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Tay-Sachs Disease: Still Dangerous

Genetic Counseling

Tay-Sachs disease, also known as GM2 Gangliosidosis, is a disease passed on as a recessive trait. Found dating back to the 15th century, Tay-Sachs has been a deadly disease among a smaller group of people. It is most prevalent among the Ashkenazi Jewish population (mostly Eastern European Jews), but has seen a decline in recent years as a result of extensive testing. However, it is still a very dangerous disease, and needs to be recognized.

It received its name from British ophthalmologist Warren Tay and American Neurologist Bernard Sachs. Tay-Sachs disease is physically the excessive accumulation of fatty acids called gangliosides in the nerve cells in the brain. It is the result of a mutation on the HEXA gene on chromosome 15. Because it is a recessive gene, it requires both parents of a child to be carriers, or infected with the disease so that they may pass the trait on to their child. If both parents are carriers, the child has a 25% chance of receiving the genetic disease.

Tay-Sachs comes in three forms affecting infants, juveniles, and adults. The most fatal, and common, of the three is Infantile TSD. A child infected with the disease will live the first six months of its existence normally, but will then face wave after wave of mental and physical deterioration. The child may become blind, deaf, and unable to swallow until death (usually before the age of three). The other two forms of tay-sachs are both extremely rare, but still possible.
The buildup of fatty acids which results in the disease is a result of a lack of an enzyme called hexosamindase A.

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Anybody that takes a simple blood test is able to test for the recessive gene. However, the stopping the spread of the disease is another matter. Screening for Tay-Sachs has been a great success in the emerging field of genetic counseling. Because of its predominance over Jews, Jewish communities have taken strong action to try to stunt the growth of the disease. Israel has in effect become the first country to offer free genetic screening and counseling for all couples. It is also the leading center for research on genetic disease.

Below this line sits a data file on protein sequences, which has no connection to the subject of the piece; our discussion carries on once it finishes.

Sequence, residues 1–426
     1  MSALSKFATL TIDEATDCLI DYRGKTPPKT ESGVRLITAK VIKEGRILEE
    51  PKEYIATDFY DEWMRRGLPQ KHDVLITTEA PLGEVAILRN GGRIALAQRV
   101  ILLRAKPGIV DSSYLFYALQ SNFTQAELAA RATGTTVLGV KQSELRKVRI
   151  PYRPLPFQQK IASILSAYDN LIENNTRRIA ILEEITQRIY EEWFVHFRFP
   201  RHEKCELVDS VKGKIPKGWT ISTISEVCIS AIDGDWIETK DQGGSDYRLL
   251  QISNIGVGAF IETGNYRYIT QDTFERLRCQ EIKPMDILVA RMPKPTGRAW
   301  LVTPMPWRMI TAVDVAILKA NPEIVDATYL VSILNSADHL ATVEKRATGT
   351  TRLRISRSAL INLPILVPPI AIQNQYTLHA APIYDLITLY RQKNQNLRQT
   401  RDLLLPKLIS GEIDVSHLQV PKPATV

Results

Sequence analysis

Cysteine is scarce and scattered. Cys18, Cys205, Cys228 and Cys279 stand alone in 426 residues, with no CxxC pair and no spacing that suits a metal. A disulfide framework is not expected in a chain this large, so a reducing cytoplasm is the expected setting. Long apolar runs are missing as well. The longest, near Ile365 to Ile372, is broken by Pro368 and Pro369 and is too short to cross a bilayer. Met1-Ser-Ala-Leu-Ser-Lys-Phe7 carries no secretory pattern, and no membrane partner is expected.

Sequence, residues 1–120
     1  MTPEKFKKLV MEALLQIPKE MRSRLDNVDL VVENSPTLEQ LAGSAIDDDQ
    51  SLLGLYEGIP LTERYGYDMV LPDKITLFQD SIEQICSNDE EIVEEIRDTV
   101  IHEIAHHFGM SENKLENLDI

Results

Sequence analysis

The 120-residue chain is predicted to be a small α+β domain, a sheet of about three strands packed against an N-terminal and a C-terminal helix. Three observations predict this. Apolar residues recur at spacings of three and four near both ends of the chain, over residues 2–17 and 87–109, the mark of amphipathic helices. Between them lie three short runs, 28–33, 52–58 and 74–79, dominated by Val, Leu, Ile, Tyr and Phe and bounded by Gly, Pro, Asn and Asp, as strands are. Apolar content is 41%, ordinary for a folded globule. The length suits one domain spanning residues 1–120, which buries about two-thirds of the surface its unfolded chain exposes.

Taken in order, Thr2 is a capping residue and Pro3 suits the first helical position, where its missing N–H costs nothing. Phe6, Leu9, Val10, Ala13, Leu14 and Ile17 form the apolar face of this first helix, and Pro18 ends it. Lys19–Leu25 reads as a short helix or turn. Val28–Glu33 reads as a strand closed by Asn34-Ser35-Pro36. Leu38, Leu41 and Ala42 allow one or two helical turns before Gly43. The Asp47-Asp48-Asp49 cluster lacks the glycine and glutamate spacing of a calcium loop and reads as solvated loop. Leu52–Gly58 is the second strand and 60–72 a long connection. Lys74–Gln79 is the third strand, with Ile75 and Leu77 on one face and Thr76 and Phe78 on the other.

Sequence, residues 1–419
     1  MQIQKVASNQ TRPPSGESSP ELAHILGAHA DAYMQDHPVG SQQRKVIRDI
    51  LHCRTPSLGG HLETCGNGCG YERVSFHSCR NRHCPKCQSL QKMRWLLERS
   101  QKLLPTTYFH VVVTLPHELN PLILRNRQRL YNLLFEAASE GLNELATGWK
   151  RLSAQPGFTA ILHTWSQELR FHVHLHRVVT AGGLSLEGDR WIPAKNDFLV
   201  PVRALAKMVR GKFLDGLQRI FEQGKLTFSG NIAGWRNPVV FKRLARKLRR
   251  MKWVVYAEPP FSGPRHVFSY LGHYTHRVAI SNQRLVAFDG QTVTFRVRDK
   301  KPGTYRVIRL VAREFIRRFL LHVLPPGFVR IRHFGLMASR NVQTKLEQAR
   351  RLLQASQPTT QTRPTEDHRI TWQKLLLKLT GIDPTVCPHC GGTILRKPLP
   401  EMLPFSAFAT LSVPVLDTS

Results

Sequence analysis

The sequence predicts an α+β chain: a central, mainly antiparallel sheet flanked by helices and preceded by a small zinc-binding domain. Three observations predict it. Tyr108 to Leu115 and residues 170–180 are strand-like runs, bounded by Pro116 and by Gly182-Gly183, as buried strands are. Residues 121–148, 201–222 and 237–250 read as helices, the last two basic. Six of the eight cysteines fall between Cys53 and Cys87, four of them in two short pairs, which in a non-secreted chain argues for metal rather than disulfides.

Steps have been taken to try to reduce the threat of Tay-Sachs among the Jewish population. For instance, prenatal diagnosis and selective abortion are now viable options for parents. If both parents know that they are carriers, they can test their child to see if it has the homozygous recessive trait. However, other options are available. For instance, if individuals register for an anonymous screening program, organizations are able to implement measures that advise couples of the risk of continuing their relationship.

Finally, couples can choose to take part in a more costly procedure, preimplantation genetic diagnosis; a program where embryos are created outside the womb and implanted only if they are free of the recessive gene. These steps have found results as is seen in statistics. Of 10 babies born with Tay-Sachs in North America in 2003, none were a part of Jewish families. Furthermore, only one was born in Israel.

However, if a child is found to have Tay-Sachs, alternate measures are available. Although they do not stop the disease, they slow it down. With continuing research hope lies in the form of several new alternatives including enzyme replacement therapy, gene therapy, and metabolic therapy. Today, one in 27 Ashkenazi Jews is a recessive carrier. French Canadians and the Cajun community of Louisiana also have a similar dilemma.

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Irish Americans have a 1 in 50 chance of being a carrier. Finally, in the general population, the probability of being a carrier is about 1 in 300. Extensive research over the issue has lead to advances in the research of other genetic diseases as well. Although it has not yet been cured, it is being worked on at a rapid pace, and it is slowly being eradicated from the population, generation after generation.

Works Cited:
“Tay-Sachs disease – Wikipedia, the free encyclopedia.” Wikipedia URL: (http://en.wikipedia.org/wiki/Tay-Sachs_disease)